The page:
The Surf Club: One of the Last Honky-Tonks

Robert Russell By Robert Russell, 4th Apr 2012 | Follow this author | RSS Feed
Posted in Wikinut>Reviews>Music>Blues

This is an article about one of the last real honky tonk clubs in the Washington D.C. area. The name of the club was the Surf Club. It opened in 1955 and featured numerous artists ranging from class country artists to blues artists and cajun/ zydeco artists. Unfortunately it closed its doors in 2011.

The Surf Club

I play in a cajun/zydeco band called Creole Stomp. We play all sorts of gigs in all kind of places ranging from outdoor festivals, to theaters, to nightclubs. One of my favorite places we have played over the years is a funky old club in the Washington D.C area called The Surf Club. The Surf Club was opened in 1955 and played a significant role in the music and nightlife scene around the D.C area for a number of years. I was saddened to hear that it recently shut its doors for good. The Surf Club has been described by the Washington Post as one of the last honky-tonks in Washington D.C. It had struggled for a number of years to remain open. Dances featuring Cajun and zydeco music were one of last efforts to keep the club afloat. Unfortunately, I worry that the Surf Club's closing may be significant of a more troubling issue; a loss of a live audience for roots based music.

The first thing I noticed when we pulled up to the Surf Club the first time was an electric guitar mounted on the side of the building that faces the road. It was apparent that the guitar had been hanging there exposed to the elements for a number of years. It was beaten, faded and worn. It had very little paint left on it. When we entered the side door without gear the room was dark, dingy and smokey. In other words, I knew it was the real deal. In a 2007 review by the Washington Post, the Surf Club was described the following way:

"Not to take away from a few other joints that bear elements of that classic American style of refuge, but Chick's is the last of the originals, combining all the essential ingredients: Planted hard by the highway. Offering live music six or seven nights a week -- preferably country, honky-tonk, a rootsy blue sizzle. Charging little or nothing at the door. Featuring a big oak dance floor -- but no line-dancing, friend, and no mechanical bulls or Urban Cowboy airs, either."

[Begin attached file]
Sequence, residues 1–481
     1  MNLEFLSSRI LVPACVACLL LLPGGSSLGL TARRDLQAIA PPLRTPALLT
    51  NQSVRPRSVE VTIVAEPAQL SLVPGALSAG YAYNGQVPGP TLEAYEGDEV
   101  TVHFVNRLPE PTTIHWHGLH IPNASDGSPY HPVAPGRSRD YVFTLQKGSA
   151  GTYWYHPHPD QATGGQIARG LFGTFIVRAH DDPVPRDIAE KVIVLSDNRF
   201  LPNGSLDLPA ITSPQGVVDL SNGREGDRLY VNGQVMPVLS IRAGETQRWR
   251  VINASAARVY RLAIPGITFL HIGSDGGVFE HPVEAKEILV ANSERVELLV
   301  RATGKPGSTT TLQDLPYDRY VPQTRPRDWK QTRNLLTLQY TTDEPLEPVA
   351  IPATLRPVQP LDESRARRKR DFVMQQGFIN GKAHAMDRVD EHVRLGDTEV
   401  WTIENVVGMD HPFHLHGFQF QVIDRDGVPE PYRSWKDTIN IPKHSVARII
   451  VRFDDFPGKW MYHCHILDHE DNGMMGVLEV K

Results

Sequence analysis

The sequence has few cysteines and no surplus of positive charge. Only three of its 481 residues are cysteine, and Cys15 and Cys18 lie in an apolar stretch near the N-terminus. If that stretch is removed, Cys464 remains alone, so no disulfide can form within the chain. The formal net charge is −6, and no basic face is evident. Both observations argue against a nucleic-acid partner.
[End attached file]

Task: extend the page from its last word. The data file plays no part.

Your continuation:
The reviewer also tongue and cheekly added: "It looks like the kind of place where you don't want to make eye contact." I was intrigued by the club right away. The side door through which we enters is next to the stage and a wooden dance floor with a mirrored ball hanging directly above. The bar sits in the middle of the room to the right of the stage and a bunch of pool tables are on the other side of the bar. We had come to play for the Washington D.C area Cajun and zydeco community but there were a number of locals sitting around the bar as we set up our gear. We had a couple of hours before showtime so I sat at the bar and had a few beers and quizzed the locals about the history of the club.

Chick Hall Sr. had been a guitar player in Glen Miller's army band. He opened the Surf Club in 1955 at a different location and moved the club to its new location in 1978. Chick played guitar in the house band. Honky tonk and country stars such as Jim Reeves, Lefty Frizzell, and Patsy Cline, as well as others, regularly played the club. The second or third time we played Surf Club I met Chris Hall, who is one of Chick's two sons, the other son being Chick Jr. Chris and Chick Jr. are musicians themselves. They used to regularly in the house band. Chris took over the management of the club in 1993. He told me stories about how Roy Buchanan and Danny Gatton, two WashingtonD.C guitar legends, would sit in the club and watch Chick Sr. play guitar.

Chris had grown weary of struggling to keep the club open. It was confronted with a number of problems. The neighborhood had become shady and dangerous but Chris thought the primary difficulty was that roots music such as honky tonk, blues, Cajun and so forth, no longer no longer draws a large enough audience to keep the Surf Club profitable. He thought part of the problem resides in a lack of interest in live music in general and in other entertainment options such as movies, television, and the Internet. Chris had recently sold the club shortly before I met him that night. The new owner, James Byrum, was there that night as well and was intent on keeping the Surf Club open. That was in 2008. We played in the D.C. area last year at a Cajun Festival in Glen Echo. I was excited to see someone wearing a Surf Club T-shirt. He told me that the Surf Club was still open. Unfortunately, my enthusiasm was short lived. The last gig at the Surf Club was October 29, 2011. It seems that the doors are now permanently shut.


Blues, Country Music, Honky-Tonks, Roots Music, Washington Dc

Meet the author

author avatar Robert Russell
I play guitar professionally in a Cajun/zydeco band named Creole Stomp. We are a nationally touring band that have been together ten years. I also have a PhD in philosophy.

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